computer usable program code for modifying, in response to identifying that the flag is set in a generic routing encapsulation header of the transmission control protocol packet, the payload header of the transmission control protocol packet according to the redirection rule; and
computer usable program code for passing the modified transmission control protocol packet to a transmission control protocol of the interception proxy server.
14. The computer program product of claim 13, wherein the computer usable program code for modifying the payload header includes prepending mapping information above the payload header, wherein the mapping information comprises an original destination Internet Protocol address and port of the transmission control protocol packet.
15. The computer program product of claim 13, wherein the computer usable program code for modifying the payload header includes updating Internet Protocol and transmission control protocol checksums in the payload header.
16. The computer program product of claim 13, wherein the redirection rule is tied to the generic routing encapsulation tunnel.
17. The computer program product of claim 13, wherein the redirection rule is user-defined.
18. The computer program product of claim 14, further comprising:
computer usable program code for copying, in response to a local system receiving a transmission control protocol packet from the generic routing encapsulation tunnel, the prepended mapping information comprising the original destination Internet Protocol address and port into a control block of transmission control protocol states for the local system.
Description
BACKGROUND OF THE INVENTION

1. Field of the Invention

The present invention relates generally to an improved data processing system, and in particular, to a computer implemented method, data processing system, and computer program product for processing data packets in an interception proxy server without using a network address translation module.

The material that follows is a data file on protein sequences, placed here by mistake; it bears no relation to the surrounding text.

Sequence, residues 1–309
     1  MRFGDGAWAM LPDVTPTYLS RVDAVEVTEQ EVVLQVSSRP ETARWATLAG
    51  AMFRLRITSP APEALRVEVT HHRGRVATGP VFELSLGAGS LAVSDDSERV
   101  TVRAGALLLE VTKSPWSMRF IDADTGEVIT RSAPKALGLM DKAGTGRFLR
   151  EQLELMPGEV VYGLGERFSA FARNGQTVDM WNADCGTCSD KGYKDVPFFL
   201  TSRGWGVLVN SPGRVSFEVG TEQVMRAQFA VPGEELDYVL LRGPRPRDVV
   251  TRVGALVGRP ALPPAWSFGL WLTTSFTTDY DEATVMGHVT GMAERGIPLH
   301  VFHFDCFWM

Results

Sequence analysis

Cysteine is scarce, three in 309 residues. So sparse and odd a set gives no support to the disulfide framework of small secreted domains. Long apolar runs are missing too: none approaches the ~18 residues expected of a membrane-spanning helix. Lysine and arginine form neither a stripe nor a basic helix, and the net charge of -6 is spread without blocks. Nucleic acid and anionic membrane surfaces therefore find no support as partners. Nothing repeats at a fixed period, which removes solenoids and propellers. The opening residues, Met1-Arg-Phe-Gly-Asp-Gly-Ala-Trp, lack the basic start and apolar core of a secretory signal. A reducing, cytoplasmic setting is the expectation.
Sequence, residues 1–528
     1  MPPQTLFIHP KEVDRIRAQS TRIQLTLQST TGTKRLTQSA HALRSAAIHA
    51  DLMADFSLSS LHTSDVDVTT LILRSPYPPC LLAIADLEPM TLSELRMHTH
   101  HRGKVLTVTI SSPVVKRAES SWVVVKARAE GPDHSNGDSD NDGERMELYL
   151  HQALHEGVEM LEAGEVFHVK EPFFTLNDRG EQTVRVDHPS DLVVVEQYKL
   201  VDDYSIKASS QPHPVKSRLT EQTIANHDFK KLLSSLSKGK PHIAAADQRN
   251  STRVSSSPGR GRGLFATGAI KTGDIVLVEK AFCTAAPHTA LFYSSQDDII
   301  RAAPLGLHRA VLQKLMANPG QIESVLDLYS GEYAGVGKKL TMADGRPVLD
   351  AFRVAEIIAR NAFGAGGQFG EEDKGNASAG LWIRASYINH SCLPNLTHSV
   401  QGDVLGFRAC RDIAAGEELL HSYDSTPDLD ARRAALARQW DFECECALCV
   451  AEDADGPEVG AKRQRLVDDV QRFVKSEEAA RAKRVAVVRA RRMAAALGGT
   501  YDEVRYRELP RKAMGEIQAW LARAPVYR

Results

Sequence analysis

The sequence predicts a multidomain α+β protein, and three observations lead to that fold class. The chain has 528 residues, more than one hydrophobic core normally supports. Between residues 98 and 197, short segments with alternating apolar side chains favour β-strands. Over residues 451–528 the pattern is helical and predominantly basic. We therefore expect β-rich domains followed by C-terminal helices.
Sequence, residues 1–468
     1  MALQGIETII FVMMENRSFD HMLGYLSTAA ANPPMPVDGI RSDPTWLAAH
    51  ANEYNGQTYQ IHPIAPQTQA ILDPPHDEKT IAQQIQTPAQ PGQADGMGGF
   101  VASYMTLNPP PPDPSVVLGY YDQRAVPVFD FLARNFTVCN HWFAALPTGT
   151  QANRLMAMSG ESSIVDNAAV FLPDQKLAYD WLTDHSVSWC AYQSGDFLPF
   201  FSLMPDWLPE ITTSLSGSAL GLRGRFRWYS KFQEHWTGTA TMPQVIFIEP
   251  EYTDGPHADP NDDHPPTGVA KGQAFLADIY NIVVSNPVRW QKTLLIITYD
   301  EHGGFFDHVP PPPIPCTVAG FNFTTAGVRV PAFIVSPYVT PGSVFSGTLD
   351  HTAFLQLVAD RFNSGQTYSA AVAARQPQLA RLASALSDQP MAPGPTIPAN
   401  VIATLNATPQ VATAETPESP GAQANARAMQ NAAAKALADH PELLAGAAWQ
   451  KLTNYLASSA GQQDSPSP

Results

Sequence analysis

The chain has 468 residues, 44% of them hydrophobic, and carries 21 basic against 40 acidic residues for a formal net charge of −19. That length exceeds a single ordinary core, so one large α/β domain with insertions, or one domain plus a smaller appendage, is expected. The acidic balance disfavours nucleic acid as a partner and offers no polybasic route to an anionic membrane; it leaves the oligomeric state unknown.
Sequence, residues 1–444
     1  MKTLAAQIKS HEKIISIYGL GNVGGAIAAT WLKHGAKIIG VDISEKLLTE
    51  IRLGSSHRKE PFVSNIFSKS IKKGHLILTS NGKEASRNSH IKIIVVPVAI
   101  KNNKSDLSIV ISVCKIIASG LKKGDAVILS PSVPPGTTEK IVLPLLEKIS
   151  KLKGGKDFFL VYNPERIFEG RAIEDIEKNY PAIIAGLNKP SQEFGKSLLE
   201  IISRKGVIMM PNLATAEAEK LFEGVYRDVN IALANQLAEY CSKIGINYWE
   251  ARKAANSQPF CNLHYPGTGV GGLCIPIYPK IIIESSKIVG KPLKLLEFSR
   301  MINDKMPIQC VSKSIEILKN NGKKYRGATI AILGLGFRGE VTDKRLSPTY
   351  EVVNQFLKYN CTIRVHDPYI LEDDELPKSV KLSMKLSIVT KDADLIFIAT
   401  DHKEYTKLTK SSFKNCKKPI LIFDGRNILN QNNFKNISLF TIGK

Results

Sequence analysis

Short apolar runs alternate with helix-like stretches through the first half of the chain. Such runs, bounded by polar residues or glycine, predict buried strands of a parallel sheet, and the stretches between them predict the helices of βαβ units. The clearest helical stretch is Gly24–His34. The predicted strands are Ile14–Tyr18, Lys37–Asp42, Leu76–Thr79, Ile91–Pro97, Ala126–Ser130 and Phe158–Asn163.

2. Description of the Related Art

Proxy servers are generally known in the art and are available for common Internet services. A proxy server is a server or an application that breaks the connection between a client and a server and performs some operations on behalf of the original server. For example, an HTTP proxy is used for Web access, and an SMTP proxy is used for e-mail. As an example, a proxy server may perform the operation of network address translation (NAT), which presents one organization-wide IP address to the Internet. The network address translation funnels all user requests to the Internet and fans responses back out to the appropriate users. Proxies may also cache Web pages, so that the next request can be obtained locally.

A configuration of a conventional interception proxy server system which provides network address translations is shown in FIG. 1. With the interception proxy server system, a user's Transmission Control Protocol (TCP) request via Web browser 102 may be diverted by router 104 to proxy server 106 using a combination of Generic Routing Encapsulation (GRE) and Internet Protocol (IP) Network Address Translation (NAT). Generic Routing Encapsulation is a method for encapsulating and routing a payload packet. The payload packet is first encapsulated in a GRE packet. The resulting GRE packet is then encapsulated in some other delivery protocol and forwarded to its destination. Network Address Translation comprises the translation of an IP address used within one network to a different Internet Protocol address known within another network. For instance, a company may map the local IP address on an outgoing data packet to a global IP address outside of the company's local network, and unmap the global IP address on incoming data packets back into a local IP address. Proxy server 106 configures a network address translation module 108 within the proxy to redirect all TCP traffic for a particular port, such as port “80”, to the proxy.